“Though he continued to record new songs well into the 1980s,” Marcus wrote, “Parris and different versions of The Five Satins never played a show, whether in clubs around New Haven, for rock ’n’ roll revival concerts in New York, on PBS doo-wop fundraisers, without ‘In the Still of the Nite’ being the reason the audience was there at all.”

Newman said he once produced a show featuring The Five Satins on the excursion ship the Bay Belle.

“At that time I asked Fred whether he ever tired of singing that song, night after night, year after year,” he said, “to which he replied: ‘No way; I never stop loving doing that song for people who tell me that it occupies a special place in their lives. I consider it a privilege.’”

Frederick Lee Parris was born March 26, 1936, in Milford, Connecticut, to Ferdinand and Edna Parris, Newman said. Parris grew up in the New Haven area and attended Hillhouse High School. He was a decent baseball player; an entry on The Five Satins in Jay Warner’s “The Billboard Book of American Singing Groups: A History, 1940-1990” says he once had a tryout with the Boston Braves.

Apparently he was a better singer than ballplayer, and he was in several groups before forming The Five Satins. One, which he formed with other Hillhouse students, was called The Scarlets; in 1954, that group recorded “Dear One,” a song Parris had written, for the Red Robin label, and it received some airplay in the New York market.

The Scarlets cut several other records, but in 1955, military service split up the group. Parris ended up in Philadelphia and, during trips home to Connecticut, formed a new group. He admired a group called The Velvets and “liked the idea of something soft and red,” as the Billboard book put it; he chose the name The Five Satins.

But despite that name, Newman said, there were only four Satins at the 1956 recording session: Parris, who sang lead on “In the Still of the Night,” Al Denby (low tenor), Eddie Martin (baritone) and Jim Freeman (bass). The group, usually with five members, continued on, even recording a minor 1957 success, “To the Aisle,” with Bill Baker singing lead because Parris, still in the service, was stationed in Japan. Two other records made the Billboard charts in those early years with Parris as the lead singer: “Shadows” (1959) and “I’ll Be Seeing You” (1960).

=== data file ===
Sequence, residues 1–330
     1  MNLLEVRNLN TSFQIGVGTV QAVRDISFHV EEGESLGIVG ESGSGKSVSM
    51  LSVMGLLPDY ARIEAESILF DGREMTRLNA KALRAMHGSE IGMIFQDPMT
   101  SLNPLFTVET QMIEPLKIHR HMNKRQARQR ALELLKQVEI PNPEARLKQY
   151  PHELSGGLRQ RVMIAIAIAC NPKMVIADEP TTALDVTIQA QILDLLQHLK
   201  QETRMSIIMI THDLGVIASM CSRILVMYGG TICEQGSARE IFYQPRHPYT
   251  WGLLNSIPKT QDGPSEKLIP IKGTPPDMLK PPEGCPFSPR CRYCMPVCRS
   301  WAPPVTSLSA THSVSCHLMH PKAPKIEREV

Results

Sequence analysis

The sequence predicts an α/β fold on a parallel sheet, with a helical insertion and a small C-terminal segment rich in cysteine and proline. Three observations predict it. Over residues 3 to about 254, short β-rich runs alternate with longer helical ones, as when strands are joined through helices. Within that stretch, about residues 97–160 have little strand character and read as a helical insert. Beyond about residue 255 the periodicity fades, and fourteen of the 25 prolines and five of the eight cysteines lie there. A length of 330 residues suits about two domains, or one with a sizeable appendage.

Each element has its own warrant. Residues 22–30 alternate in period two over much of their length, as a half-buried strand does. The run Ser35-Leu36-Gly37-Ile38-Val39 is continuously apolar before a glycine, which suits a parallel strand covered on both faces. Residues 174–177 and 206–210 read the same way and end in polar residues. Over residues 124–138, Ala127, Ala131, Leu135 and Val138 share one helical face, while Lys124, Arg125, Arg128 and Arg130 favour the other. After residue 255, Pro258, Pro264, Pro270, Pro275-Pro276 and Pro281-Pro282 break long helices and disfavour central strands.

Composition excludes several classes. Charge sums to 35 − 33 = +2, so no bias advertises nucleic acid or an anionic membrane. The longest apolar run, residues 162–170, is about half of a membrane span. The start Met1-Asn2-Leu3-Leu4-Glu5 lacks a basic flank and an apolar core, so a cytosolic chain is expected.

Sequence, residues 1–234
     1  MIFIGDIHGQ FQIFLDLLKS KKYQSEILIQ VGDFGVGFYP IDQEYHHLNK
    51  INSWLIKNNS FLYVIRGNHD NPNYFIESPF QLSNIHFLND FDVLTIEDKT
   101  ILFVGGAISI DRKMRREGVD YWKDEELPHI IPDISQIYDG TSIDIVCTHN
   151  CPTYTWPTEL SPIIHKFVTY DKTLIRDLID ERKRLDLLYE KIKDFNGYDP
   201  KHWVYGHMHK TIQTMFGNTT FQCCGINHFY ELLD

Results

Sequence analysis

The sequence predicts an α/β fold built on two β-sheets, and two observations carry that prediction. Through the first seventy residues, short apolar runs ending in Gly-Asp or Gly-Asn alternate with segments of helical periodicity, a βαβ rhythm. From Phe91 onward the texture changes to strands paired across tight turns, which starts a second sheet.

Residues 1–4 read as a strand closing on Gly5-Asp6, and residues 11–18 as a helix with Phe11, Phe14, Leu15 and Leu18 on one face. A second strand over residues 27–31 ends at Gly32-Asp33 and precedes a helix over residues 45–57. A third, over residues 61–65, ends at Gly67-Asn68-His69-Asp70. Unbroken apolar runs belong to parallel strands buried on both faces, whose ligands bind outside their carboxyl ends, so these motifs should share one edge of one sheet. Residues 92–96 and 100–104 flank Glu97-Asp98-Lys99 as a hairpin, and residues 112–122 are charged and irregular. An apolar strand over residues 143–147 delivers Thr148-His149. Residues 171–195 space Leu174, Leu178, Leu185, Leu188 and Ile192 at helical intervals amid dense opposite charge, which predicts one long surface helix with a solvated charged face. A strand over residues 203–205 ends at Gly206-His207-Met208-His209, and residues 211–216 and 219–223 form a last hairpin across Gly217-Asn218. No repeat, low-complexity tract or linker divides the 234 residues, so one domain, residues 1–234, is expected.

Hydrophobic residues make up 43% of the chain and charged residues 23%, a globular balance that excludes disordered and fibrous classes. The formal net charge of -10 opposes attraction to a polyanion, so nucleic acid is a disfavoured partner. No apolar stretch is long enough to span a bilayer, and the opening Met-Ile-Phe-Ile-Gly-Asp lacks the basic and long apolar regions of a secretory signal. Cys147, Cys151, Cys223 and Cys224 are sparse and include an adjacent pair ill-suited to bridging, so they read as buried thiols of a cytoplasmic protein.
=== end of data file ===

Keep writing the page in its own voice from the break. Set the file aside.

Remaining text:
Parris, when telling the story of “In the Still of the Night,” usually didn’t identify the young woman who inspired the song, although in the Smithsonian article, he said her name was Marla. In any case, there was no marriage; shortly after he wrote the song, he told the Hartford Courant in 1982, “she went to California to visit her mother.”

“She never came back,” he said.

The song endured, and for a time, Parris and various versions of the Satins toured on the strength of it, but in the mid-1960s, the British Invasion shoved the doo-wop era aside. He told the Courant that over the years he worked at the Olin and High Standard gun-making plants in Connecticut and delivered food at Southern Connecticut State University.

“You do a lot of stuff to eat,” he said.

Beginning in the 1970s, he tapped into the rock ’n’ roll revival market, performing at oldies shows, and in 1982, for the first time in more than 20 years, he and the Satins landed briefly on the charts again with “Memories of Days Gone By,” a medley made up of snatches of “Sixteen Candles,” “Earth Angel” and other classics, including, of course, “In the Still of the Night.”

Parris was married several times, most recently to Emma Parris, who survives him. Other survivors include three children, Shawn Parris, Rene Parris Alexandre and Freddy Parris; and eight grandchildren.

This article originally appeared in The New York Times.